2. Edge Computing — GGML is designed with a feature that ensures no memory allocation during runtime. It supports half-size float and integer quantization, which allows developers to have better control over memory usage and performance management. This is crucial for making machine learning models work well on edge devices where efficient resource use is important.

  3. Model Format Flexibility — Unlike other machine learning inference frameworks, GGML doesn't require a specific format for the model file. This means you can convert the model file from any other framework (like TensorFlow, Pytorch, etc.) into a binary file in any format that's easy for you to handle later.

  4. Large-Scale Model Training — GGML is designed to cater to the needs of machine learning experts, providing a comprehensive range of features and optimizations for large-scale model training and high-performance computing on any commodity hardware.

  5. Quantization Support — GGML supports a number of different quantization strategies (e.g., 4-bit, 5-bit, and 8-bit quantization), each of which offers different trade-offs between efficiency and performance.

  6. CPU Inferencing — GGML allows for CPU inferencing, which can be beneficial when GPU resources are limited. This makes it possible to run large language models on consumer hardware with effective CPU inferencing.

  7. Better Response Quality — GGML models can provide better response quality compared to other models. For instance, a GGML 33B model can provide better output quality than a 7B model, even if the latter has faster inference.

However, it's important to note that GGML is still in the development phase and currently lacks comprehensive documentation, which can make it hard for new users to start using it quickly. Also, reusing the source code across different models can be difficult due to the unique structure of each model. Despite these challenges, GGML's benefits make it a promising tool for machine learning applications.

What are the disadvantages of using GGML?

GGML is a tensor library for machine learning that is known for its efficient operation on CPUs and its ability to handle large models on commodity hardware. It is written in C and supports automatic differentiation, making it suitable for model training and inference in cross-platform applications. However, despite its advantages, GGML has several limitations compared to other machine learning libraries.

  1. Documentation — GGML is still in the development phase and currently lacks comprehensive documentation. This can make it challenging for new users to start using it quickly.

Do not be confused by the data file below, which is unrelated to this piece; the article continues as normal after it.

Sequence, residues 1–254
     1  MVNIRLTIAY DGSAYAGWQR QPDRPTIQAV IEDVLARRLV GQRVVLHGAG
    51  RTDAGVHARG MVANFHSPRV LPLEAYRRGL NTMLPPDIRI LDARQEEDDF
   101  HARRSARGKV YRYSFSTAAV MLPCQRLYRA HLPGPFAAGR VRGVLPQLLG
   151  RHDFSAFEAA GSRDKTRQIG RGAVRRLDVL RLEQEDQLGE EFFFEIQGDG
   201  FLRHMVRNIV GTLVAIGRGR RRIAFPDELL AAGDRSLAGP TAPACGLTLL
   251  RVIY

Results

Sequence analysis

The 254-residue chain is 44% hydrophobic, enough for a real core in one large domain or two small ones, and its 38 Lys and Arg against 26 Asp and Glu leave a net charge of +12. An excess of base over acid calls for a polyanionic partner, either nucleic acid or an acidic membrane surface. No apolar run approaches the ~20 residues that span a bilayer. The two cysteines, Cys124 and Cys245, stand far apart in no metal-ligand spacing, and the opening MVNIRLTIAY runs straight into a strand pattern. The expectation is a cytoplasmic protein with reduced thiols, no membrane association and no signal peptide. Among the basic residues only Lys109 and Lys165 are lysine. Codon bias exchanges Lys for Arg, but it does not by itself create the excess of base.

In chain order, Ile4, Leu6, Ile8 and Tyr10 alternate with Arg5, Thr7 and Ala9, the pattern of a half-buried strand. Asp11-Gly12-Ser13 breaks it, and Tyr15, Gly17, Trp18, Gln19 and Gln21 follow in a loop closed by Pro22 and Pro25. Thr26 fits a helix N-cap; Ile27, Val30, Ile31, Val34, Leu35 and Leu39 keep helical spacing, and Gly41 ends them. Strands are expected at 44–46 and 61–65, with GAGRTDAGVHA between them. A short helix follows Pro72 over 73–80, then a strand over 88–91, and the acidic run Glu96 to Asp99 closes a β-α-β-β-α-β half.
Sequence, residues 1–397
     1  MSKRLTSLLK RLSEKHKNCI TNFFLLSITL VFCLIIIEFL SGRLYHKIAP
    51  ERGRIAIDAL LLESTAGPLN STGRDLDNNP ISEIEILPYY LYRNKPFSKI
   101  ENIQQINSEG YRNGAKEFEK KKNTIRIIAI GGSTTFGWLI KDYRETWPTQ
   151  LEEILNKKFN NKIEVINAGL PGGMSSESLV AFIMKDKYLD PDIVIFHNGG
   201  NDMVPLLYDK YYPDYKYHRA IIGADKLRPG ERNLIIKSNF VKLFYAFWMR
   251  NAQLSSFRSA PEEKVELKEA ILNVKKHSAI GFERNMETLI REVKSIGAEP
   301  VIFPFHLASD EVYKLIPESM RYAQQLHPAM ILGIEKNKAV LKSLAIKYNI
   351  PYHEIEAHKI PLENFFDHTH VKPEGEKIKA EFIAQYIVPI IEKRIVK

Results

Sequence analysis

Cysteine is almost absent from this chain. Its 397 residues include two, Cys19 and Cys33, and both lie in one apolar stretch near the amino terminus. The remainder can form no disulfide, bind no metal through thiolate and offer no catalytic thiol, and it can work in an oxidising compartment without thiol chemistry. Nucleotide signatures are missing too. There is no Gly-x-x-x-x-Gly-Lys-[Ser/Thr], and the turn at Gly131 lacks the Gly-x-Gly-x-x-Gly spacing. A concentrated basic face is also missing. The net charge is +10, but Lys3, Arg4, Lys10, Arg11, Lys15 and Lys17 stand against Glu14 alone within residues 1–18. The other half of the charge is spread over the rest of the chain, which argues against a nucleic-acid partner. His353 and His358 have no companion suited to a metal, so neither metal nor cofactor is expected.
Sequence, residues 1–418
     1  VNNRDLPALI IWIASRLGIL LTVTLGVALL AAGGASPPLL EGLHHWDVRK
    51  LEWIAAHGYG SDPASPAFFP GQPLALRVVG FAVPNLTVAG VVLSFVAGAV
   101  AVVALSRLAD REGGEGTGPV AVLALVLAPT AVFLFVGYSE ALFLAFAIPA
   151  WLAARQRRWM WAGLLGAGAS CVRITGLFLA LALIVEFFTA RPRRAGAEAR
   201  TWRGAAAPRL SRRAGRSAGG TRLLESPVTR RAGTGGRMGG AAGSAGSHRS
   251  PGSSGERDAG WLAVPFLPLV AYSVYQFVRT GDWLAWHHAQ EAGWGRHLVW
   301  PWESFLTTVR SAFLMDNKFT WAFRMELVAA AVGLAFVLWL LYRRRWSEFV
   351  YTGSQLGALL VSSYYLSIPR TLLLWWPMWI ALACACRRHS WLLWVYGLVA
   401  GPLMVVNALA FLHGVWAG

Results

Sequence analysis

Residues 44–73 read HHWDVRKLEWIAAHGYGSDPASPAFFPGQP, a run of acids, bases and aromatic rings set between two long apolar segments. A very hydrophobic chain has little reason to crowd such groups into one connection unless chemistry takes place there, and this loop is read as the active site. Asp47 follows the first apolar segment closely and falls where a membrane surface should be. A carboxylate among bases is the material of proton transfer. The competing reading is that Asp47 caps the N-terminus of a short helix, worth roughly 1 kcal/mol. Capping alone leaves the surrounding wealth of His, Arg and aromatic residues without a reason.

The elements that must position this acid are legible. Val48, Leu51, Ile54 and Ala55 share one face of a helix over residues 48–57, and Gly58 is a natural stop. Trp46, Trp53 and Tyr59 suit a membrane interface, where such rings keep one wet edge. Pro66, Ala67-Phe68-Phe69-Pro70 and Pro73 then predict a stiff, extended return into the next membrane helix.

2. Code Reusability — Reusing the source code across different models can be difficult due to the unique structure of each model. GGML does not provide a universal guide for this, so users often need to create their own inference code, particularly when working with custom models developed in-house. This process requires a deep understanding of how to work with mathematical matrices and the structure of ML models.

  3. Quantization — GGML files contain a quantized representation of model weights, which results in lower quality. The benefit is less RAM requirements and faster inference on the CPU, but this means less precision as it needs fewer bits.

  4. GPU Support — While GGML is efficient on CPUs, its performance on GPUs is not yet fully explored. Some discussions suggest that GGML-based inference code might not outperform established libraries like PyTorch or Triton in terms of GPU performance. However, there are ongoing efforts to add GPU support to GGML, and it's expected that this will enhance its performance.

  5. Model Format — GGML does not require a specific format for the model file, which means you can convert the model file from any other framework (like TensorFlow, Pytorch, etc.) into a binary file in any format that's easy for you to handle later. While this offers flexibility, it might also introduce additional steps in the model deployment process, especially for users accustomed to standard formats like ONNX or TensorFlow's SavedModel.

While GGML has several advantages, such as its efficient operation on CPUs and its flexibility in handling different model formats, it also has limitations, including a lack of comprehensive documentation, challenges in code reusability, and limited GPU support. These factors should be considered when choosing a machine learning library for a specific use case.